I’ve seen one of the best shows in years tonight, and I’m not just saying that because Anna Tenta is someone I love and think is one of the coolest and kookiest people on the planet. I’ve known her two years but never seen her work, and it’s like when I saw Phillip Adams doing Endling, with all the taxidermied animals and knew he was genuinely a freak and the world was a better place for it.
The scene was a camp site, three tents, one for Fergus, one for Anna and Judith, and one for Shonach and Chamyn (and Snoopdog), Erick the dancing bear lurked, and Ivan the crash-test biker killed himself. Things got progressively stranger in a Twin Peaks who-killed-Laura-Palmer, Blue Velvet severed-ear-in-the-grass kind of way, and if there’s one person whose work it reminded me of the most, it’d be David Lynch.
The media was filling the room, so I’m sure there’ll be a few reviews to post here in the coming days, though I’m not sure if many people exactly got it beyond the kick-arse dancing. Which was kick-arse, jump up and crash down, thump on the floor and shake your bones, but never got boring in the way it ended up getting in Australia. This was for me because both Anna and Judith are seriously transfixing to watch when gravity is pulling them down, limbs floating floorward, and between the two they pretty much didn’t stop moving. It was also because their movement, that of Fergus when he joined in, the bike-crashing solo of Ivan and the bear-witch duo of Erick and Shonach was all consistent, the clear work of strong artistic direction and didn’t smack of a bunch of tasks given to various dancers and whatever resulted being used without critical editing.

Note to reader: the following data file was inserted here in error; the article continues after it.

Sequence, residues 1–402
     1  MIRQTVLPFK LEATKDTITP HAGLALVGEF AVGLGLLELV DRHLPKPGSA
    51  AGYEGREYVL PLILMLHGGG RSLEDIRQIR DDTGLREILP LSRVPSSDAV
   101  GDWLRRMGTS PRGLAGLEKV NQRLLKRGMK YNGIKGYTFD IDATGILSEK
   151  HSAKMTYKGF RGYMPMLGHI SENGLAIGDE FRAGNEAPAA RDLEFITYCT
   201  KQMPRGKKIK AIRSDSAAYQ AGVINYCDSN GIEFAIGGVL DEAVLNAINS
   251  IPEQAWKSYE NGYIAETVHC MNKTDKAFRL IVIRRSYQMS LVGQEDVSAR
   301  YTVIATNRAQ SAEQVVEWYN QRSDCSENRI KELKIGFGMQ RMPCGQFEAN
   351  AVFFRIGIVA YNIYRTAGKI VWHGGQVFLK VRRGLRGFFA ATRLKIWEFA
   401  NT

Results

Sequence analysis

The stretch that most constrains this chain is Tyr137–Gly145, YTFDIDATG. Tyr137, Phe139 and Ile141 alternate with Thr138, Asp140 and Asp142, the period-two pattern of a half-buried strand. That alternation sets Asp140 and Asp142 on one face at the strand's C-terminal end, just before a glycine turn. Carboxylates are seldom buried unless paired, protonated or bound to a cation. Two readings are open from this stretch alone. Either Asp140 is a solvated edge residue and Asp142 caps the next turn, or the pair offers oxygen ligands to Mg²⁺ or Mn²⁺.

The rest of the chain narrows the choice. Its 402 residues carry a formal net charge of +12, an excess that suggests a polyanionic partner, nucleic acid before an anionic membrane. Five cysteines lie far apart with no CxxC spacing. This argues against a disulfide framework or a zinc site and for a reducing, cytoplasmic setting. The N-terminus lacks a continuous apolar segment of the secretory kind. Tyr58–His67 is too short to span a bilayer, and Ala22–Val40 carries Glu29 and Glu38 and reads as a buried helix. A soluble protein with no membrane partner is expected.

The dancing and the acting/talking flowed almost seamlessly back and forth, which is again something that I’ve seen clunk like a learner driver in too many pieces, and the heart of Fuga Utopia‘s weirdness lay in the unsettling threshold between the two.
A lazy reading would be two hot chicks hit on a stupid horny camper have lots of sex and blahblahblah the difference between men and women, the battle of the sexes, I get my culture from Cosmopolitan. Which leaves the problem of the dancing bear who like to fuck the crazy woman, and too many other things.
Looking at it like a Lynchian drama of the psychedelic mundane, a somnambulistic hallucination, it suddenly becomes a determinedly solid excavation from the mind of someone who does not live in the same world as most people, whose perception of people is decidedly far from anthropomorphic. I other words, it’s unadulterated weirdness in pornographic quantities, and you’ve got to love it on Anna’s terms, or go back to watching daytime soaps.
Having raved about it enough, there were a couple of weaknesses, none of which are not immediately solvable by throwing money at it. The work was performed at Tanzhaus, which is something of a studio venue, and in that the work obviously looked like it was performed in a studio. The piece is in serious need of an awesome set, and the whole time I was watching it, I was thinking of David Bowie’s room in The Man Who Fell To Earth, which was floor to ceiling wall-to-wall super-realist photograph of a forest. Surrounding it with something like that, continuing to the floor with a carpet of photographed leaves, all hyper-saturated to the point it looks odd, then having lots of diffuse understated lighting, like the wash of sunlight through trees, I’d be sliding off my seat.
I don’t have any photos of the show but here are a couple of them all getting ready for the premiere by eating lots of chocolate.